Housing starts rose to an annualized pace of 1.28 million in August, which is up over 9% on a MOM and YOY basis. Permits disappointed however, falling just under 6% on a MOM and YOY basis. Multi-fam (which is notoriously volatile) drove the decline in permits and the increase in starts. Single family permits were up about 6%. Geographically, the action was in the West and South, while the Northeast and Midwest were flat / barely up.

Housing starts will probably take a step back in the next few months as construction workers will be occupied rebuilding North Carolina.  Labor remains an issue for new home construction, but the tariff-driven spike in lumber prices is over, and futures are trading at 18 month lows.

lumber

Fannie Mae thinks growth has peaked for this cycle and that the second quarter’s torrid growth rate of 4.2% was artificially boosted by inventory build ahead of tariffs. This had the effect of borrowing growth from future quarters. In all fairness, they are probably correct – a 4.2% growth rate is so far above historical trend that it is almost by definition unsustainable. Housing continues to punch below its weight as affordability issues weigh on sentiment. Note that the number of people saying it is a good time to buy a house has hit the lowest level since the survey began 8 years ago. Blame rising rates and home price appreciation outstripping income growth.  FWIW, they are somewhat bearish on consumer spending going into the 4th quarter, which seems to defy a lot of data we are getting about retailer activity.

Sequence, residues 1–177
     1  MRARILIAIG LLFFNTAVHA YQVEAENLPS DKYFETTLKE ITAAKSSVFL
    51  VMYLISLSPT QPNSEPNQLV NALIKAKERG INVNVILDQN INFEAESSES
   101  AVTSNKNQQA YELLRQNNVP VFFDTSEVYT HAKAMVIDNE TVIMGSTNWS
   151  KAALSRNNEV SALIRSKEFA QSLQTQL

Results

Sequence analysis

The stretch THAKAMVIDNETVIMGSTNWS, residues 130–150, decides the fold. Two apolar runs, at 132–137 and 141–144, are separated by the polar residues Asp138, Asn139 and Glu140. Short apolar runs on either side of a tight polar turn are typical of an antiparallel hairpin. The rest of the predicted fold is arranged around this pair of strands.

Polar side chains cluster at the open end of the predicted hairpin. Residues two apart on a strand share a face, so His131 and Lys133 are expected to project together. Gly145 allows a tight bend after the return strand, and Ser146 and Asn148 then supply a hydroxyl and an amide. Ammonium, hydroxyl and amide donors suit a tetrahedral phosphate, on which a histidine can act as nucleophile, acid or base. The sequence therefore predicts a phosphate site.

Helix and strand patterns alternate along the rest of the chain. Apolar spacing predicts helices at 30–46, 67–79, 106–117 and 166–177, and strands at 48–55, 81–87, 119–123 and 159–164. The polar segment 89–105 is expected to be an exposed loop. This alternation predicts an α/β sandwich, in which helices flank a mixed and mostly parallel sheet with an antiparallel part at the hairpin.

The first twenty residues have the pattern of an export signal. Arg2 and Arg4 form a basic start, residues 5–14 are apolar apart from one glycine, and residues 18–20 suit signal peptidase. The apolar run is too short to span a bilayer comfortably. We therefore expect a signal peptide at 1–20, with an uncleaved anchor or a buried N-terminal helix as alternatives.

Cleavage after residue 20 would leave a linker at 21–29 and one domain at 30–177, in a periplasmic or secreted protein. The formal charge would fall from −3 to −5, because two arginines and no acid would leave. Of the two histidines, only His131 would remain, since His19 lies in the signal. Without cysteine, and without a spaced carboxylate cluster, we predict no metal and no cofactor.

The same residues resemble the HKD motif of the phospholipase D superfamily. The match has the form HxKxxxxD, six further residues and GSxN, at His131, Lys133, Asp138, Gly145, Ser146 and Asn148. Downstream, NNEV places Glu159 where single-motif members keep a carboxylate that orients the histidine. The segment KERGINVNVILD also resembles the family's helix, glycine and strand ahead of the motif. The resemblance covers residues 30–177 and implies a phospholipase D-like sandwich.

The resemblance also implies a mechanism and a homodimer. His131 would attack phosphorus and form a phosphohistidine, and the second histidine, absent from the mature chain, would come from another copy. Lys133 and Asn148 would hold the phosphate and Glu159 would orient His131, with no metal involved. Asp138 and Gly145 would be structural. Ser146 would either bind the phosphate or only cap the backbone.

Insured losses form Hurricane Florence will be in the $1.7 to $4.6 billion range.

Morning Report: Fannie Mae revises downward 2018 housing forecast

Vital Statistics:

Last Change
S&P futures 2855.5 3.8
Eurostoxx index 383.49 2.43
Oil (WTI) 65.92 0.02
10 Year Government Bond Yield 2.84%
30 Year fixed rate mortgage 4.58%

Stocks are higher this morning on optimism of a deal with China. Bonds and MBS are up small.

Late August is a generally dull time to begin with, and this week promises more of the same. We will get some housing data (Existing home sales, new home sales, FHFA price index) and one possible market-moving report (durable goods) but that is about it. We will get the FOMC minutes on Wednesday as well.